The Power of RAW!
Written by: Tiffany Joyce
This post is for those who think RAW is a waste of memory, or that JPEG is good enough. The image below is the in-camera JPEG from a Canon Powershot S5 IS, P&S. The extreme under-exposure is intentional.
A firmware add-on that enhances the camera’s features (RAW/DNG support, increased max n min shutter-speed, RGB histogram and more..) was used to get the RAW file from the camera. The RAW file was then converted to DNG and I tried to recover what I could from the above image.
This is what I ended up with: Agree its noisy, but things to note – the colour and detail recovery is AMAZING to say the least. Notice the red, yellow and green, and blue of the box and the bottle on the table. This was done in Photoshop CS2, adjusting exposure, brightness and levels. Nothing else. With proper post processing in Lightroom followed by PS, I think this could be made even better. Try doing that with a JPEG. Also note that this is a 10-bit RAW file as compared to the 14 bit RAW files in today’s SLRs. This, and the sensor size of the camera will also make a difference. No fancy post processing here. Just a simple illustration of the power of RAW. And of course this is no excuse for bad camera technique resulting in bad exposure! This simply allows you to save shots that were nice but poorly exposed. Sometimes, those shots can make all the difference! My advice – shoot in RAW + Jpeg. Especially if you’re new to RAW, the in camera JPEG will give you an idea of things. Finally, if you’re taking casual pictures and all, you may be fine with Jpeg. But if you know that you’re shooting something that you’re not likely to shoot again, like say, a wedding, or a safari, then I’d recommend you unleash the RAW power! EDIT: Here’s what I could recover from the Jpeg version of the above image:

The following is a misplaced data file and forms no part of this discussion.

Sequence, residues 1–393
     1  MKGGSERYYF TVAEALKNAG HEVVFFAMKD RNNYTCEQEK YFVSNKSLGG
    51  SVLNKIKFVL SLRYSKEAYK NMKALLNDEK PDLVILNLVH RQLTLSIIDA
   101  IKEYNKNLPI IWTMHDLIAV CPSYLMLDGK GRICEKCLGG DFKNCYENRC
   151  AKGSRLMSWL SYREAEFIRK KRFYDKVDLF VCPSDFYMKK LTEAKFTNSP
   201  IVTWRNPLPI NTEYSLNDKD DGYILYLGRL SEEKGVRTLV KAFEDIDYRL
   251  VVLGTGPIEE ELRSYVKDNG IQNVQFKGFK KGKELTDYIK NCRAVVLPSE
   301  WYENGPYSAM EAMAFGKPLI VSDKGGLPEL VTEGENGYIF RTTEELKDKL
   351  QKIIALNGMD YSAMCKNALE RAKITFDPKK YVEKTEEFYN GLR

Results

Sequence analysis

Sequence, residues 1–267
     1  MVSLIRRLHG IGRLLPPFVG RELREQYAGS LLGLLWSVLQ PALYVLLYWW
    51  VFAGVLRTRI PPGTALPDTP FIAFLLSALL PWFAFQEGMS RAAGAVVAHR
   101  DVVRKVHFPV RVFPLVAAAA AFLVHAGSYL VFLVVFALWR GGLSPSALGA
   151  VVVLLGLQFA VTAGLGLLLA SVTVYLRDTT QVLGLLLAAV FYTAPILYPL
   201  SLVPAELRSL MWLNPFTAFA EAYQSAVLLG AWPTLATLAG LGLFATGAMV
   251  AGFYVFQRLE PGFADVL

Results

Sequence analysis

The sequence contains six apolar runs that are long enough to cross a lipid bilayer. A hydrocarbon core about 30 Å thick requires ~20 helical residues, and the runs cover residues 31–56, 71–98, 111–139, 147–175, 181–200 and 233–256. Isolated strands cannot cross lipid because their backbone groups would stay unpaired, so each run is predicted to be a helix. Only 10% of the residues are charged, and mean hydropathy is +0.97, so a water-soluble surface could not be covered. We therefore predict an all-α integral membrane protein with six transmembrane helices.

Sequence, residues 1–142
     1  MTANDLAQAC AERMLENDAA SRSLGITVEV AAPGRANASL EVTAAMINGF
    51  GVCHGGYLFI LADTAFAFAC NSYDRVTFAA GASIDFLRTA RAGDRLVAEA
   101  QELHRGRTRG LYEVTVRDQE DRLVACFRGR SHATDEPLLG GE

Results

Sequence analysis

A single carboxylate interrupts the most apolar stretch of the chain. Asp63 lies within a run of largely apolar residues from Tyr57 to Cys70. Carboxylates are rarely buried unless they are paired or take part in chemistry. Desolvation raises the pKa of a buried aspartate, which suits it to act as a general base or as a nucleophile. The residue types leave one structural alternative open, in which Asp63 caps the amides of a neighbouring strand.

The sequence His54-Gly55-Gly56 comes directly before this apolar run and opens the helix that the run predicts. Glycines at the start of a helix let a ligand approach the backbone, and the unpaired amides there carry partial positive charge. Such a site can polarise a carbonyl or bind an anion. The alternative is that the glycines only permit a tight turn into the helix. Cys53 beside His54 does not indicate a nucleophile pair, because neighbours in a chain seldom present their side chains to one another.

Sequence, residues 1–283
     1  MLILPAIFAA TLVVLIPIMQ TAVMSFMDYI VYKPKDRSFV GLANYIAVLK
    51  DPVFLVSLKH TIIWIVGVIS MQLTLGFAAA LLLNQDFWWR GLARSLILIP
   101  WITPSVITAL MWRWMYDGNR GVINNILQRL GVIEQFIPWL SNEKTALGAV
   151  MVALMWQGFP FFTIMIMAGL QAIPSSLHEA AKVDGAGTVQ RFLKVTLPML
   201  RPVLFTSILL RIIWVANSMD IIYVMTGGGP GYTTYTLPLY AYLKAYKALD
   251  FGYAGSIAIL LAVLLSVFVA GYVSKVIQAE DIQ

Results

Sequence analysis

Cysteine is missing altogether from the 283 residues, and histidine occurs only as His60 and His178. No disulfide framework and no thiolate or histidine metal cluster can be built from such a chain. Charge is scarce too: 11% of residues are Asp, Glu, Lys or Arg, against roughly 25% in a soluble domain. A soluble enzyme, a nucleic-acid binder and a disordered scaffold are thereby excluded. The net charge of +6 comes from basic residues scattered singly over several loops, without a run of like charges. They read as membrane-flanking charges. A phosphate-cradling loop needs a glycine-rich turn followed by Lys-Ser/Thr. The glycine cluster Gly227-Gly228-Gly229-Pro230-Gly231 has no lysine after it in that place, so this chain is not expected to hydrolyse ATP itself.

A friend of mine (not really interested in photography) commented that this one looked ‘more appealing to the eyes’. All I had to say was “Dude, imagine, if all the red in your life, turned black, like that laptop”. That was the end of it
This is a rather extreme example, simply to show what can be done. For more practical examples, check this link: http://tinyurl.com/mqhpfw . You’ll find RAW images process only through RAW processors. No Photoshop.
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